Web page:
Even the great innovators and inventors of our time cannot become rich without themselves becoming business managers, or otherwise diluting the value of one's own, personal invention to the benefit of those who already have the money and wish to make more of it. To fulfill the capitalist dream, one must have a natural, crowd-pleasing talent which either cannot be diluted by time/age/technology/labour pool quantity/lowered consumer standards, or one must engage in speculation.

Thus the capitalist ideal is no longer tangible innovation but to find a way to benefit from the labour of others. Meritocracy cannot enter into this equation, not when money no longer fixes the value of labour to society.

(A common counter-argument here is that in a free, capitalist meritocracy, one can always choose to follow a different path, one that society finds more profitable. I invert this argument: the true merit of a person's position in society being reflected not by its monetary compensation, but rather by how well the society would be able to survive if that particular job were to vanish, while retaining the overall societal structure. I specify that second to allow for the vanishing of jobs such as gaslighters in an electrical world. But I ask you to imagine a world without farmers, or without nurses, or without sanitation and electrical workers, or without teamsters and dock workers. How long could any city survive? Are these positions really worth a tenth or less of the average executive? Is the value of these life -vital positions so much less? Just maybe, perhaps: financial reimbursement does not accurately reflect societal value after all?)

Both labour and innovation (where it is not only an innovation in financial manipulation) are consequently and consistently devalued. Wherever possible they are made:All of these act to steadily erode and gradually destroy the value of labour as it translates into monetary terms. Suffrage came into popular acceptance not with a shift in public values but with the necessities of war (one of the great drivers of modern capitalism: both in how its destructive nature increases consumption; and in how the drive to win quickly becomes a technological race): but women were allowed to remain in the workforce after the war -- despite the jump in unemployment for returning troops -- because they were willing and even expected to work for less, then ... something that still has repercussions to this day. Consider: if a quick drop in post-war unemployment had truly been sought, it would have been a very straightforward matter simply to keep some pieces of discriminating legislation on the books. (During times of higher unemployment, public sentiment of the empowered majority always slips toward favouring discrimination in employment, a trend commonly echoed in membership numbers of racist organisations: yet, because they can be paid less, the actual numbers of lesser-enfranchised groups employed never decreases. They can be paid less, and thus the current economic structure needs them.) Even tenure, that stand-by of academic freedom, is steadily being trimmed to favour part-time specialised lecturers and researchers: as well having the useful side effect of placing limits on academic freedom among precisely those most likely to be able to make fullest use of it. Even unions, at a basic level, contribute to this pattern. Economic theory demonstrates how unions -- in fact, any attempt to organise, sellers or buyers -- reduces the net monetary value of the economy ... but a significant percentage of that "loss" is only a clawback from what would otherwise have been (re)generated now almost entirely at the venture capitalist/stockholder/interest level.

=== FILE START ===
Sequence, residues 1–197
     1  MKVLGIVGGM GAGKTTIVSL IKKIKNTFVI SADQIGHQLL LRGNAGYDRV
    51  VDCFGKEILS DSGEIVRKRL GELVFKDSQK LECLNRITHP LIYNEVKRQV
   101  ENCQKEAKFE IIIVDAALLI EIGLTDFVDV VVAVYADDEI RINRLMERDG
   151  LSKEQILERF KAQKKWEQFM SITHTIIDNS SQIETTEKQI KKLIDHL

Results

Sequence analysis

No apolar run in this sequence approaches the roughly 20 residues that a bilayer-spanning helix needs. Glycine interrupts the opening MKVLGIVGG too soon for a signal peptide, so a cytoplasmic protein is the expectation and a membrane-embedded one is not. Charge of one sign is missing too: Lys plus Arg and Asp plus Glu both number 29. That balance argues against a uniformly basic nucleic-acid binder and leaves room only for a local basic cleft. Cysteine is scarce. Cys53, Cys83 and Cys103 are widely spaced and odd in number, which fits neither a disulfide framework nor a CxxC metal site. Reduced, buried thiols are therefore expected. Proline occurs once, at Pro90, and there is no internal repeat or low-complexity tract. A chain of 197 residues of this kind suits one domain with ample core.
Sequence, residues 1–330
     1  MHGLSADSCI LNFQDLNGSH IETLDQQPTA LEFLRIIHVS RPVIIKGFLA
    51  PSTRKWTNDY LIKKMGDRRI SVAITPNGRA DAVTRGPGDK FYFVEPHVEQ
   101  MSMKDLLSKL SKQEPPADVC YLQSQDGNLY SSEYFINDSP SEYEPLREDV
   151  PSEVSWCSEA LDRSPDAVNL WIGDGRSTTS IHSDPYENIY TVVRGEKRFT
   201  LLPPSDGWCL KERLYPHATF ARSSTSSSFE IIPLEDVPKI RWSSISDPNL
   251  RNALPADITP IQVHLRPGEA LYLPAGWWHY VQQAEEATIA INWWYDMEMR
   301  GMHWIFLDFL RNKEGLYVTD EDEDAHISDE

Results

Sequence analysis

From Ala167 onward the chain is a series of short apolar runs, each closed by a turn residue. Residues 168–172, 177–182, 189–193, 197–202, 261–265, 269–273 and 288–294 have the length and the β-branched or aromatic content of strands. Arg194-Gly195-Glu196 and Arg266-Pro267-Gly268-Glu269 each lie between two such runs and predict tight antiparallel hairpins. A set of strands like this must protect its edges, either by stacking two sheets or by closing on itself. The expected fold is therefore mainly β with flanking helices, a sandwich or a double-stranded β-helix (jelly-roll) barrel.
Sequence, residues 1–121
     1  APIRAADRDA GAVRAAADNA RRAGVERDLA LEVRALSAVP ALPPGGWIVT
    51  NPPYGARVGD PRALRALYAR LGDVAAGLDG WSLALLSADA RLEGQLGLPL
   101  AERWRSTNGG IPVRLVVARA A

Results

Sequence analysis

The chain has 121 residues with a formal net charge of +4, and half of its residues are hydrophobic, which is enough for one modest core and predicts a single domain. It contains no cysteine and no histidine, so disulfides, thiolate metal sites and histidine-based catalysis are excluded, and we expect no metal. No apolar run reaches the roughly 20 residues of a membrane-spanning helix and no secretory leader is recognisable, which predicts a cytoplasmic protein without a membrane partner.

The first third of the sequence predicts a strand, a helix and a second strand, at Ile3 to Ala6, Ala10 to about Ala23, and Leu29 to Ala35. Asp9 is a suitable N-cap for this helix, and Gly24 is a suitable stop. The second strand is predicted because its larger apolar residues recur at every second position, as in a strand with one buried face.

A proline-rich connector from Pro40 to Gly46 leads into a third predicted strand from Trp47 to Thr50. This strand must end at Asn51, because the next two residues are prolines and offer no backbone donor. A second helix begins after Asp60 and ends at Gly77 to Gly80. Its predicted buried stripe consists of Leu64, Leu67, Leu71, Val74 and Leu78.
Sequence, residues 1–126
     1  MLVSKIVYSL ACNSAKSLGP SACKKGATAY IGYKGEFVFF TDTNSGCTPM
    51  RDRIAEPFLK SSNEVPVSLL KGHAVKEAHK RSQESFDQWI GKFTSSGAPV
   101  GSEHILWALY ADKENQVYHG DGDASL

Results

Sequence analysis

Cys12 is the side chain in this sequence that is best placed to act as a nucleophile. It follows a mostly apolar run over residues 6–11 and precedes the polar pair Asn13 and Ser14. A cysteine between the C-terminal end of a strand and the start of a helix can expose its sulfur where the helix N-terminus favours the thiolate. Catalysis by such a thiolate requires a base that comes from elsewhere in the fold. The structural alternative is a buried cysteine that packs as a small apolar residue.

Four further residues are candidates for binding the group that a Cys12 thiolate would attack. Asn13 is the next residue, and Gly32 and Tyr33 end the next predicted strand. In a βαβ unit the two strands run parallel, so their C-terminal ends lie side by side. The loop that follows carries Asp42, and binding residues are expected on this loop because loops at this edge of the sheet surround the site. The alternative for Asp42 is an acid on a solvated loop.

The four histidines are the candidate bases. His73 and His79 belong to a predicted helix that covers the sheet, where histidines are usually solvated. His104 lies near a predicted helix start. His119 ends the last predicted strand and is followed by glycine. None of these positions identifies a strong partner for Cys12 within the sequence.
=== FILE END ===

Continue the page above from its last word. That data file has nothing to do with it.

This persistent devaluation of labour has to some extent been disguised by inflation: but is instantly stripped naked in any significant recession, or depression, or whatever you choose to term the current globally lopsided stagnation-boom.

Shift all of these trends to a global stage, in an increasingly globalised market in which labour and raw goods can be constantly devalued, de-"wealth'ed" by the simple agency of corporate shift of labour and other supply-side resources to the poorest parts of the world: allowing the monetary value lost at this end to be translated into shareholder pockets ... without actually raising the level of wealth in either supply-side or consumer nations, something recently touched on by The Economist: